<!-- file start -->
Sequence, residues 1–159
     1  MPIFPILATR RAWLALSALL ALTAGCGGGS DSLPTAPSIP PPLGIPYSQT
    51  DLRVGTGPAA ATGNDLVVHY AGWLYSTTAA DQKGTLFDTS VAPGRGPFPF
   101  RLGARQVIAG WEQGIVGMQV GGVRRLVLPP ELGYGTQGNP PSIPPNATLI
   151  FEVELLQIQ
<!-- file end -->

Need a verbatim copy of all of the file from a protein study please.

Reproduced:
Sequence, residues 1–159
     1  MPIFPILATR RAWLALSALL ALTAGCGGGS DSLPTAPSIP PPLGIPYSQT
    51  DLRVGTGPAA ATGNDLVVHY AGWLYSTTAA DQKGTLFDTS VAPGRGPFPF
   101  RLGARQVIAG WEQGIVGMQV GGVRRLVLPP ELGYGTQGNP PSIPPNATLI
   151  FEVELLQIQ